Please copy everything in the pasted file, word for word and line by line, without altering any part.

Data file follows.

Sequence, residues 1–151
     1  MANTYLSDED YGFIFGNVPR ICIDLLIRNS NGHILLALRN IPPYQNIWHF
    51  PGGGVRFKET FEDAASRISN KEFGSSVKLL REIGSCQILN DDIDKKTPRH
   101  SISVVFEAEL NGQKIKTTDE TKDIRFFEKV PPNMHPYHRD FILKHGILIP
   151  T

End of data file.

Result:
Sequence, residues 1–151
     1  MANTYLSDED YGFIFGNVPR ICIDLLIRNS NGHILLALRN IPPYQNIWHF
    51  PGGGVRFKET FEDAASRISN KEFGSSVKLL REIGSCQILN DDIDKKTPRH
   101  SISVVFEAEL NGQKIKTTDE TKDIRFFEKV PPNMHPYHRD FILKHGILIP
   151  T